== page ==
It’s obvious Rachel Evans has a lot of control over her instruments, and abundant sense to choose and mix elements wisely. Everything here is tightly packaged with gloss. In hearing this music I get a lot of images of fantasy; Hayao Miyazaki, Paprika, The Neverending Story, The Dark Crystal, The Lord of the Rings, Niel Gaiman’s Sandman, and other fantasy or science fiction I’m not aware of that that is likely edgier. I am aware from an interview I read with her that her project name comes from a Burroughs novel, and that she was at some time not long ago reading Alan Moore’s Promethea, about which Wikipedia says: “Moore weaves in elements of magic and mysticism along with superhero mythology and action, spirituality and the afterlife (in particular the Tree of Life) and science-fiction. Promethea is also notable for wide-ranging experimentation with visual styles and art.” …So I guess that my inklings aren’t totally pulled out from thin air. Being a librarian, as mentioned in the booklet, she is likely much more well-read than I am, and I’d love to see a suggested reading list from her some time. Evans’ work is an indispensably appropriate contribution to this collection.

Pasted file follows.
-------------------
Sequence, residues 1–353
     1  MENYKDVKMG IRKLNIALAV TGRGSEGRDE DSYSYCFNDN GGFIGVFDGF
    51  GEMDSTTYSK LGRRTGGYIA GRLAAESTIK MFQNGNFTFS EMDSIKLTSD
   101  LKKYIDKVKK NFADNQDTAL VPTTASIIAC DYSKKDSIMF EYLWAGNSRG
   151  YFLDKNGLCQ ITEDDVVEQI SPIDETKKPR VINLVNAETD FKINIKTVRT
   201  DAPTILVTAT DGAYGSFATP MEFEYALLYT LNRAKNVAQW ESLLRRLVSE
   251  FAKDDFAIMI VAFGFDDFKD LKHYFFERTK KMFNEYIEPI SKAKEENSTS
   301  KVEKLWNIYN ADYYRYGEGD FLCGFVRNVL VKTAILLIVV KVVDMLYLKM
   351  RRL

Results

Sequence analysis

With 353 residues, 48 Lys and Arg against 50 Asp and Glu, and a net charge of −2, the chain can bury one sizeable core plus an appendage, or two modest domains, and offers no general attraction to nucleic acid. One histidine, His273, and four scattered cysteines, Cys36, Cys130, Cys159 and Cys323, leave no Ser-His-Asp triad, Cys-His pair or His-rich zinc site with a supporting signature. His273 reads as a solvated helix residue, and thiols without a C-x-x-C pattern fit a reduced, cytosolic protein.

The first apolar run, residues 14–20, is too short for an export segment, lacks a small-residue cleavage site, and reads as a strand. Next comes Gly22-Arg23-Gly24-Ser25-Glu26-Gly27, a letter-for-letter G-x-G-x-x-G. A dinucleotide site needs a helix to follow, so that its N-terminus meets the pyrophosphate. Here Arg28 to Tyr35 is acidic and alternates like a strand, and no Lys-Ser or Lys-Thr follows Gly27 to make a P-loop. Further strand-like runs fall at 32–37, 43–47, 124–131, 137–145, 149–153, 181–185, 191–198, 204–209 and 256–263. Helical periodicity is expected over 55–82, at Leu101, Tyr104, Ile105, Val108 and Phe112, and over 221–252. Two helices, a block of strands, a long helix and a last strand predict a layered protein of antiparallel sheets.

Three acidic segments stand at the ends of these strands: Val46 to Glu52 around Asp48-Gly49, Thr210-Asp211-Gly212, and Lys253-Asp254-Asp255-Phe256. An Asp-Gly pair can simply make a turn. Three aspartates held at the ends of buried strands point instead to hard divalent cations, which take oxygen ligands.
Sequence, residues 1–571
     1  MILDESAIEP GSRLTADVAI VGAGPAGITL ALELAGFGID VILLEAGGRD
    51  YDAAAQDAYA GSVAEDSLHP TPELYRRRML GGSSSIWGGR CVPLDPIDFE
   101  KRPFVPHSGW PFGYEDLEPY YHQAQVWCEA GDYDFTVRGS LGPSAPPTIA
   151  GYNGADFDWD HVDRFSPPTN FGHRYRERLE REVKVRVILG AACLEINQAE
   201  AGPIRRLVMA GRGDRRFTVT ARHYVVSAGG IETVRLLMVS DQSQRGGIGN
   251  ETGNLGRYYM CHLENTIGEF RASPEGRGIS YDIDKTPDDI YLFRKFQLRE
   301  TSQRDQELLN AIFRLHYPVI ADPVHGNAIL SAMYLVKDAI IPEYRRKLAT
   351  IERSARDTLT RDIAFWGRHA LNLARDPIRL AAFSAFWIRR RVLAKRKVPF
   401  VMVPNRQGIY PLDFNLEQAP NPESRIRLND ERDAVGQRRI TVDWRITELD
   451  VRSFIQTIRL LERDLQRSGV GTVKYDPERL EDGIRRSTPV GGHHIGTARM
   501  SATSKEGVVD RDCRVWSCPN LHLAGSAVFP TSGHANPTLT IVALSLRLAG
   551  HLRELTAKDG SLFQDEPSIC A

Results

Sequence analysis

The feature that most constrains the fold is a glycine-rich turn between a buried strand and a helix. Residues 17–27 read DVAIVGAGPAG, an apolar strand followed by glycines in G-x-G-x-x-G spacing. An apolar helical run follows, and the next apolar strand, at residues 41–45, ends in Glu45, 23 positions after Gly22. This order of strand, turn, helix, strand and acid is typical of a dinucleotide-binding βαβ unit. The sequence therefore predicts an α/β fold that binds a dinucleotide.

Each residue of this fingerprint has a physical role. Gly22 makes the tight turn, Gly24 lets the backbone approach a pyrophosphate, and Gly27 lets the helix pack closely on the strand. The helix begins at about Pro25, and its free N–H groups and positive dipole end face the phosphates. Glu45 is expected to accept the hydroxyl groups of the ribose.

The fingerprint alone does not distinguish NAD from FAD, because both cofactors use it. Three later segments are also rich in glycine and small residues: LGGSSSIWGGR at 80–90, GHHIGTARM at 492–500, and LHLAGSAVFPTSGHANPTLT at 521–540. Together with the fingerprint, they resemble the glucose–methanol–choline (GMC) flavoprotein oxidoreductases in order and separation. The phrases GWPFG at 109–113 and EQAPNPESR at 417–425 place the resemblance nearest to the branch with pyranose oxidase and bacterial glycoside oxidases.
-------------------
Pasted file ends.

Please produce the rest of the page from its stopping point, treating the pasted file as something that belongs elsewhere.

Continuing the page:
Side B: Aloonaluna